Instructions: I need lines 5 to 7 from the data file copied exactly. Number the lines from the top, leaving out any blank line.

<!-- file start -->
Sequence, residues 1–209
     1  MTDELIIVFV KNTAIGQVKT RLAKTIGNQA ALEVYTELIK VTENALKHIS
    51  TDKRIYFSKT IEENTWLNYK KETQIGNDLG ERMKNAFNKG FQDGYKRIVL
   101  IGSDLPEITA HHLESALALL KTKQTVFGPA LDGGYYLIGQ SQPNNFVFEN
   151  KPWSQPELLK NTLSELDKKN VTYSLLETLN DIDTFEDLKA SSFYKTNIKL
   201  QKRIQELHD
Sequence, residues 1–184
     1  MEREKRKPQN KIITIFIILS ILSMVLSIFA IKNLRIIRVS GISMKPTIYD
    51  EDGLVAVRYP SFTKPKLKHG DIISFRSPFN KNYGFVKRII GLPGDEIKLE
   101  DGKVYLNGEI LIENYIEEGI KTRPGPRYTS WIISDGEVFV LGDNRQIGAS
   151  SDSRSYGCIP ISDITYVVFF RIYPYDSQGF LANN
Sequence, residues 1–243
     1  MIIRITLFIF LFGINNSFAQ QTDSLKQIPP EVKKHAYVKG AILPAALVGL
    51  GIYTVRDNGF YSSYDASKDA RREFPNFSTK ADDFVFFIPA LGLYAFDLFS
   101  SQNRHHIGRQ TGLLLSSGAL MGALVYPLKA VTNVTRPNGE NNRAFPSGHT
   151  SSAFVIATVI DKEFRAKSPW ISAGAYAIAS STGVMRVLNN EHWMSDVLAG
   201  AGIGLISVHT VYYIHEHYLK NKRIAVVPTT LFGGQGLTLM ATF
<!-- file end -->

   151  KPWSQPELLK NTLSELDKKN VTYSLLETLN DIDTFEDLKA SSFYKTNIKL
   201  QKRIQELHD
Sequence, residues 1–184